"Study of cracking of thin glass interposers intended for microelectronic packaging substrates

McCann, S.R.; Sato, Y.; Sundaram, V.; Tummala, R.R.; Sitaraman, S.K., "Study of cracking of thin glass interposers intended for microelectronic packaging substrates," Electronic Components and Technology Conference (ECTC) , 2015 IEEE 65th , vol., no., pp.1938,1944, 26-29 May 2015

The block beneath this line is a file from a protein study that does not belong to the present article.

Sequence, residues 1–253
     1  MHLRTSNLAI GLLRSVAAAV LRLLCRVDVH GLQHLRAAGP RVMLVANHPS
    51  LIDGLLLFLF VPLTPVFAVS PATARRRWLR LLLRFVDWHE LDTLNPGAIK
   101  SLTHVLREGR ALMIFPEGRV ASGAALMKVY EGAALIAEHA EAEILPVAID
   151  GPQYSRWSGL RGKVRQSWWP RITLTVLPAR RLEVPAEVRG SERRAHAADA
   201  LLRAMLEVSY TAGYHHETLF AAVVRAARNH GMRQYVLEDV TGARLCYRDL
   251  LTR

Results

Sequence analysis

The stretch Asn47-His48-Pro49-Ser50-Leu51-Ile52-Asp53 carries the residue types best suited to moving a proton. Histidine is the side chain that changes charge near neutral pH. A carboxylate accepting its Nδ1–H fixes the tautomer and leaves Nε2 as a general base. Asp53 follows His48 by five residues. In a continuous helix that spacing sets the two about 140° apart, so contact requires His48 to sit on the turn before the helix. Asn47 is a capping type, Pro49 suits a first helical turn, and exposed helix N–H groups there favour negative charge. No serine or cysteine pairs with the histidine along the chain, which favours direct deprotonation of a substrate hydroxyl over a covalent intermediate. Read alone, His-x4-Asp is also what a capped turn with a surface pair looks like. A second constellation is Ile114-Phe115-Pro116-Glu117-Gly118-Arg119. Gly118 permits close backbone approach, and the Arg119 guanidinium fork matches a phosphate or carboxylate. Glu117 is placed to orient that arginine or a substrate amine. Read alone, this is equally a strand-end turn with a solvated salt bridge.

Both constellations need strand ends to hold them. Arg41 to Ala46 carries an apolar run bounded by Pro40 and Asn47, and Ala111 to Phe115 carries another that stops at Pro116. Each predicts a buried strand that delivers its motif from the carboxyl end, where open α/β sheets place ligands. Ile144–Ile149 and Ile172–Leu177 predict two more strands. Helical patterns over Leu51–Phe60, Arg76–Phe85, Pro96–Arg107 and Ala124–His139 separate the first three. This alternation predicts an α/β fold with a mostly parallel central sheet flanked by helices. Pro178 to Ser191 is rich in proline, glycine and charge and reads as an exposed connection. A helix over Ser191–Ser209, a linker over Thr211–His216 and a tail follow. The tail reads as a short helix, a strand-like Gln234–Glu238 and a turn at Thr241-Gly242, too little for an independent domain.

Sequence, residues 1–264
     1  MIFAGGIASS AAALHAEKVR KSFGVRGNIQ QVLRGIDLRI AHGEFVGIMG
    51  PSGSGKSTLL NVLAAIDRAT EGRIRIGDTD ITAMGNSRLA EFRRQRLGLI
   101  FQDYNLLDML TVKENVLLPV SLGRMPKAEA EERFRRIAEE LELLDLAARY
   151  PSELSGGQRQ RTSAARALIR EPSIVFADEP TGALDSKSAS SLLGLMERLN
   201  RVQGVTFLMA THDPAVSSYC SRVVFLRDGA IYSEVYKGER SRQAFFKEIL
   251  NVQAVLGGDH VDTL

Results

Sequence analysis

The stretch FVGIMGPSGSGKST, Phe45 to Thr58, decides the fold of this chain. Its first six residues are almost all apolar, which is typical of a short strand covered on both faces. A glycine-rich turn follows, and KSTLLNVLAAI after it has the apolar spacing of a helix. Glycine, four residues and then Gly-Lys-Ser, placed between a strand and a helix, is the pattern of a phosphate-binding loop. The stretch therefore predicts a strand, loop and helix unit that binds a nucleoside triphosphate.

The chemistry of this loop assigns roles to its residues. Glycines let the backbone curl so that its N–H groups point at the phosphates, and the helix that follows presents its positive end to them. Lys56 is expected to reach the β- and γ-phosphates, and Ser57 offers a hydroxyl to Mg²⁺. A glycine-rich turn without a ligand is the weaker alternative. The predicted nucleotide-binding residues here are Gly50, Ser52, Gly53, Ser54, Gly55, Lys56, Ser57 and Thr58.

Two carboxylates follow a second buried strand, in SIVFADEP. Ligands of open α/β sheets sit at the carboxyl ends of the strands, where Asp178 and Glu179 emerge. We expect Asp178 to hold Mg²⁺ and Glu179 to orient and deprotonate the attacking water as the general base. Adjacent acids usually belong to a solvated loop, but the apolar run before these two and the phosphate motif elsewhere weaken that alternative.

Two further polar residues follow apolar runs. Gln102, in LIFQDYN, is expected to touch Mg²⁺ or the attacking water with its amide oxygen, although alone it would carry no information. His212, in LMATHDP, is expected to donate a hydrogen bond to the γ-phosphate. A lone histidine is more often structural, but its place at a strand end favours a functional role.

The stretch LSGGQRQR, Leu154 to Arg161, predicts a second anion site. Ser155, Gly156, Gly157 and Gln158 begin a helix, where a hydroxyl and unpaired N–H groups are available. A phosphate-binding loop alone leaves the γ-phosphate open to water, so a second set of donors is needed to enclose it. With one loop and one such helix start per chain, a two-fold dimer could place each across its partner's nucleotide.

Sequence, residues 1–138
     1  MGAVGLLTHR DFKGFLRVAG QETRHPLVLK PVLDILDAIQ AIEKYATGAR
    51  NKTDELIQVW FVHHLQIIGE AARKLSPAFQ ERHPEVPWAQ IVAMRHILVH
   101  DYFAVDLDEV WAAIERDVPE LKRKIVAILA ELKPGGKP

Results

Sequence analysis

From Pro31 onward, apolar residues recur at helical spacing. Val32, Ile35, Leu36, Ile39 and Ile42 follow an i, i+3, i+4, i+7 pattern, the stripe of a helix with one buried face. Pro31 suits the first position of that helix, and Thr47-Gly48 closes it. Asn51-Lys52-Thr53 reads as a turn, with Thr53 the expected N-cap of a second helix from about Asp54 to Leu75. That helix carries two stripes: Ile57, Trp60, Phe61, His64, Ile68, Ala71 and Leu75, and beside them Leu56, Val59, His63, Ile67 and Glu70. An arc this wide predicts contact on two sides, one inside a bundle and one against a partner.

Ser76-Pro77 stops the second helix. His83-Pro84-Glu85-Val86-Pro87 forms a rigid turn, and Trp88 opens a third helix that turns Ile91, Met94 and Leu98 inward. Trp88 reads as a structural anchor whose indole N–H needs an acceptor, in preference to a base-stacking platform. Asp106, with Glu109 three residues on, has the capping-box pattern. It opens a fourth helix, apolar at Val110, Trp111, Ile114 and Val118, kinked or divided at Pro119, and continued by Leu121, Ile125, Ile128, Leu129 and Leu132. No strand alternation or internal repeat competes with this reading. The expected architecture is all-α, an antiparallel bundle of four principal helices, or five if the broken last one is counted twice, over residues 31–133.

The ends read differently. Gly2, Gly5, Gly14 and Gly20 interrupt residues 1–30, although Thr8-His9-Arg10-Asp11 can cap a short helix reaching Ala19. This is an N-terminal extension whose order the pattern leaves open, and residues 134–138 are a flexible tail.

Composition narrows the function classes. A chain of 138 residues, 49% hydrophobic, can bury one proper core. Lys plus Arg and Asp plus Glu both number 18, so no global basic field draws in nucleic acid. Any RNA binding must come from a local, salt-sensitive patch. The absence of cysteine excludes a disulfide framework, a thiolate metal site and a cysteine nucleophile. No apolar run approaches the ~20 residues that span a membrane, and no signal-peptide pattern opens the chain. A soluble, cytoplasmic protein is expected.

Glass interposers have gained increased attention and interest in microelectronics industry since 2010. This is because glass has a tailorable coefficient of thermal expansion (CTE), high mechanical rigidity, availability in large and thin panel form, low processing cost, smooth surface for fine line and space fabrication, and superior electrical properties. While thin glass panels offer such a plethora of benefits, there are several processing and reliability challenges that glass imposes. As a brittle material, glass has low fracture toughness and is prone to cracking. In a typical large-area glass panel processing, layers of dielectric polymers and conducting copper are sequentially deposited and patterned. Due to these temperature histories and difference in the CTE among different materials, the panel is subjected to process-induced residual stresses. When the panel is subsequently diced into smaller substrates, the glass could crack. This cracking is due to high residual stresses as well as dicing defects and possible delamination at the polymer-glass interface. This experimental and theoretical work aims to investigate thin glass cracking and understand the mechanics of such cracks, focusing on the stresses induced by build-up layers. As part of this work, glass panels of 150 x 150 mm size and 100 μm thickness were laminated on both sides with ZS-100 polymer of 10 - 22.5 μm thickness and cured. After the lamination process, 5 - 10 μm thickness of copper is then deposited through a semi-additive electroless and electrolytic plating processes. This process of polymer and copper are repeated to create a total of two metal layers on each side of the panel. The panel is then diced into 18.4 x 18.4 mm substrate coupons. Dicing defects are characterized using optical inspection. Cracking failures are documented. The unbroken substrates are thermal cycled between -40 and 125 °C. In parallel to the experimental investigation, numerical- models are created based on the sequential fabrication process. Copper material properties are obtained from literature as well as from in-house nanoindentation tests. Polymer properties are obtained from vendor data, and the stress-free temperature is obtained through experiments. Dicing process is simulated by inserting a vertical crack through the panel, and various dicing defects are introduced in the singulated substrate. Energy available for crack propagation of such defects is determined through fracture mechanics approach, and design guidelines to mitigate glass fracture during dicing and reliability testing are explored.